Loyal Theatre

1493 St. Nicholas Avenue,
New York, NY 10033

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Additional Info

Architects: William I. Hohauser

Previous Names: Majestic Theatre

Nearby Theaters

Josaphat Hardy, circa 1938, in front of the Majestic

Now long forgotten, this cinema in upper Manhattan’s Washington Heights district is little documented except for film trade annuals, which variously listed its seating capacity as 1,000 or 1,400, and with an address of either 1493 or 1495 St. Nicholas Avenue. Originally opened as the Majestic Theatre in 1913, it was renamed Loyal Theatre in 1937 and closed in 1941.

It was converted into a bowling alley to the plans of theatre architect William L. Hohouser.

Contributed by Warren G. Harris

Recent comments (view all 6 comments)

Ken Roe
Ken Roe on September 16, 2006 at 11:24 am

The Film Daily Yearbook;1926 edition has the Majestic Theatre listed at 1493 St. Nicholas Ave, with 1,000 seats. Same details in 1930 but with a seating capacity given as 1,400. In the 1941 edition of F.D.Y. the details are the same as in 1930 apart from the name change to Loyal Theatre and it is listed as (Closed).

Joe Vogel
Joe Vogel on January 23, 2014 at 4:14 pm

The Majestic apparently became the Loyal in 1937. The April 1 issue of Motion Picture Daily said that Springer & Cocalis would reopen the Loyal Theatre, formerly the Majestic, in Washington Heights, on April 2.

dallasmovietheaters on January 25, 2016 at 8:43 pm

J.J. Lyon built the Majestic Rooftop Theater in 1912 seating 265 at the site of a former church. The Majestic Theatre was also created there opening in 1913 with lots of seats (original seat count is listed at 1,800). The Big Three Corporation — operators of the Garden, University, Pictorium and Seventh Ave. Theatre among their seven theaters at the time operate it for much of the decade before divesting their operation. The Braddon Amusement Circuit took on the theatre next and one of the few claims to fame for the Majestic was housing a radio transmitter for radio telephony that hit experimenter’s radios in Washington Heights just prior to commercial radio taking off in the U.S. It existed alongside the rooftop theatre.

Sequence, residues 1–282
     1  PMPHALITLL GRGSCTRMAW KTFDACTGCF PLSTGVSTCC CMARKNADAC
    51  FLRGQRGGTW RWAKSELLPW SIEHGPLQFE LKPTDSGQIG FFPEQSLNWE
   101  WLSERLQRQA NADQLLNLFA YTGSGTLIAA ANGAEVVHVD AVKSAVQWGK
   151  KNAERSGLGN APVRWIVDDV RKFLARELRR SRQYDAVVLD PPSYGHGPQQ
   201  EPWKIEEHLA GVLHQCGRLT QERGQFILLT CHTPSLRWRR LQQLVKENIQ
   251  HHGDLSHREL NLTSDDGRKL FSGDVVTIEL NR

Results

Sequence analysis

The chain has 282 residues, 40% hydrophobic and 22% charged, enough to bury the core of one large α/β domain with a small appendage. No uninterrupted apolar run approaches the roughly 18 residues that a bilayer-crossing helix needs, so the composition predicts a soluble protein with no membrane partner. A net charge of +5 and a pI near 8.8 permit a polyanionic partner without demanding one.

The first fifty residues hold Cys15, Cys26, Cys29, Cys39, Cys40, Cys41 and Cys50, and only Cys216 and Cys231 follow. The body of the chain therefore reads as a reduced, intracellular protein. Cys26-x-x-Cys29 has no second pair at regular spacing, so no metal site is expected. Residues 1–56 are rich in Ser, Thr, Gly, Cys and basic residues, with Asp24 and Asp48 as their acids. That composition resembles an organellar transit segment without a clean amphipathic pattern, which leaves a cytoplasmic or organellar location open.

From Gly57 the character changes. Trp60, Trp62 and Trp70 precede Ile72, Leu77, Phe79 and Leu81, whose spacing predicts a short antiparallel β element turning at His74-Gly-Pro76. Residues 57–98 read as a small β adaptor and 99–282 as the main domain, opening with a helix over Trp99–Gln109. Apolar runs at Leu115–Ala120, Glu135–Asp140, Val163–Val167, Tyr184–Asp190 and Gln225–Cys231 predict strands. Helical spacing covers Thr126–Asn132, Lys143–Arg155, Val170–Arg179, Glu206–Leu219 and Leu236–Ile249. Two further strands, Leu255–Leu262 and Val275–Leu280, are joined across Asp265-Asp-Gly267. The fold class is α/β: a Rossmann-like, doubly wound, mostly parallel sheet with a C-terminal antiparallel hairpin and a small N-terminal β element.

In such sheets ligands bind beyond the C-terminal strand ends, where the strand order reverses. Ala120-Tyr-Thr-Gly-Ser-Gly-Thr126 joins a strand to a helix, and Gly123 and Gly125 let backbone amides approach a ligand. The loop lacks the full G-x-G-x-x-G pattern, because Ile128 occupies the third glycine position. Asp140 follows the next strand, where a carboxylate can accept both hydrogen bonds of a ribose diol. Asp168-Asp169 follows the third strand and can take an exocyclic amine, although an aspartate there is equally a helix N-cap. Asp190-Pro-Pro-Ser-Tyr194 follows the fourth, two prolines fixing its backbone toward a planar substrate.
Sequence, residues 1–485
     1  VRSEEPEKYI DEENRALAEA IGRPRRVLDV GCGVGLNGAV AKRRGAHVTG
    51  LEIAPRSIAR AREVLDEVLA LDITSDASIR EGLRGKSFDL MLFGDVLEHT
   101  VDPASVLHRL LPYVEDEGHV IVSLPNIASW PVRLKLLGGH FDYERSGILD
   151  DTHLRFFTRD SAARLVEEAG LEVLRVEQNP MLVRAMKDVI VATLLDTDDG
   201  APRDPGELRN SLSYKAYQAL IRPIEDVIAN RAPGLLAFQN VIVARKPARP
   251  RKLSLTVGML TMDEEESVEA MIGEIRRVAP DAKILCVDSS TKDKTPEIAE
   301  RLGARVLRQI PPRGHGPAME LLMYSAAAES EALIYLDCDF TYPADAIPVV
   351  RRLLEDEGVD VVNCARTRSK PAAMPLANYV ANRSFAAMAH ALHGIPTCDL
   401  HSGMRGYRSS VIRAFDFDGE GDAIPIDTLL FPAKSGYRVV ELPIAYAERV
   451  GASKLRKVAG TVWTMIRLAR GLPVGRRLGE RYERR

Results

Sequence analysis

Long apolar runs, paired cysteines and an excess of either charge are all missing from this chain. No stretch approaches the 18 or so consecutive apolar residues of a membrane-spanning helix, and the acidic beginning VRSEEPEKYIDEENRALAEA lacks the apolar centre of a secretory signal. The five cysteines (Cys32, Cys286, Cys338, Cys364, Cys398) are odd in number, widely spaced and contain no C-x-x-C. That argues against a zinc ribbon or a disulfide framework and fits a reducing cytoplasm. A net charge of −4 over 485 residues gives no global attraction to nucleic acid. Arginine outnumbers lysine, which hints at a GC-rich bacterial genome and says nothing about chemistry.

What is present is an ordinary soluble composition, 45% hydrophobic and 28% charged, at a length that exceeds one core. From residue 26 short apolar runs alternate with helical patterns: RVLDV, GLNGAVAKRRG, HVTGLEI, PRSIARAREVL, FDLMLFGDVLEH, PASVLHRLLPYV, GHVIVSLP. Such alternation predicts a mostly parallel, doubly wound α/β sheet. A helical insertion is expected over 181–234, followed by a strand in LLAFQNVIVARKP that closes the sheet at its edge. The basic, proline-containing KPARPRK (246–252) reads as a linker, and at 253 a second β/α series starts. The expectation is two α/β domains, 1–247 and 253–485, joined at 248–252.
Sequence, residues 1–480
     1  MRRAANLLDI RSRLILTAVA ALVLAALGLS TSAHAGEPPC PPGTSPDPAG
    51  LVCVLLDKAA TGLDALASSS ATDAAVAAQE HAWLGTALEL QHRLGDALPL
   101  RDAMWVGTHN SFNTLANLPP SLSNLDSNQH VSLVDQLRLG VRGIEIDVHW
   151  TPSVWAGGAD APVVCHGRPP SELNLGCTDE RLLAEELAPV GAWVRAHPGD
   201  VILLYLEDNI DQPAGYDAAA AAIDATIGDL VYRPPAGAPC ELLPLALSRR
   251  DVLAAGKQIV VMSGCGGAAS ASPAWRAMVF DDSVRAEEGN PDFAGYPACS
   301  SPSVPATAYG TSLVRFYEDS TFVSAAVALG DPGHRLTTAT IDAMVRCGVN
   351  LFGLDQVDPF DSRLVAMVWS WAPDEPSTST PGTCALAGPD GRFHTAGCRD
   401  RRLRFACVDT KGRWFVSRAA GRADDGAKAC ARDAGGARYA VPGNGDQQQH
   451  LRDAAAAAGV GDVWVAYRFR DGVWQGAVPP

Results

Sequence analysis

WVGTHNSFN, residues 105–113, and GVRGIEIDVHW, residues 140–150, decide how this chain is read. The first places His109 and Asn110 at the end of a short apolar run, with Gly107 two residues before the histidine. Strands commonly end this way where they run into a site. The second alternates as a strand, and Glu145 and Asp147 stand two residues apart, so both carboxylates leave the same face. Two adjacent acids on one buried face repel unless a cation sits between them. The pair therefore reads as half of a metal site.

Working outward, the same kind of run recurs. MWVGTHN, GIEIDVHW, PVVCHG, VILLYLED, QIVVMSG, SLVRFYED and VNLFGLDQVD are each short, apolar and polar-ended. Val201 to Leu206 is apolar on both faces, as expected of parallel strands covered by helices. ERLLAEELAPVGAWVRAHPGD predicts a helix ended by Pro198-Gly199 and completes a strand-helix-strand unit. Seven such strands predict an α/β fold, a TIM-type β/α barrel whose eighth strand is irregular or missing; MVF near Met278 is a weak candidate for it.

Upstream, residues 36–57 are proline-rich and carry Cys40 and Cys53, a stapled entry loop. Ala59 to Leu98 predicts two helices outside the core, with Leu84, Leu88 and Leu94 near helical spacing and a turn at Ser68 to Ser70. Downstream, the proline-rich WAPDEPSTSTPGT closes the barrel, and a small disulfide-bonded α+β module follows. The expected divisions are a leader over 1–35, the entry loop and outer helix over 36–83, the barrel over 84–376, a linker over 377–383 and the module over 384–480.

Jaydo takes on the theatre transitioning it to sound and also its Gem from silent into sound theatre. Jaydo sells the struggling theater to Fairdeal Enterprises which leads to a lawsuit in 1936 of little consequence other than the holding of the Majestic passing to Springer & Cocalis' Spraco Corp. It is that circuit which changes the name to the Loyal Theatre in 1937. But patrons aren’t loyal and the theater ceases in 1941. The auditorium is gutted and the 1493 St. Nicholas facility is converted into the Palace Bowling Center launching in 1942. Though ending this addresses' cinema exhibition, Architect William L. Hohouser’s conversion project makes the national magazine, Lighting, among others as a creative transformation of a faded cinema locale.

bigjoe59 on August 17, 2020 at 2:21 pm


as in the Bronx many theaters in upper Manhattan closed within a short period of time after the t.v. was introduced into the American home. to which I find it interesting that this theater closed in 1941 long before anyone had
heard of a t.v..

bigjoe59 on August 18, 2020 at 5:54 pm


to hdtv267. I don’t understand your reply of “yes and ?”. as I stated it was highly unusual for a movie theater to close before t.v. was introduced in to the American home. all the neighborhood theaters in the Bronx I attended when I was younger didn’t close till years after t.v. was introduced.

ymike673 on September 1, 2023 at 3:25 pm

As of 2023 the building still stands. Currently a supermarket occupies the site of the bowling alley.

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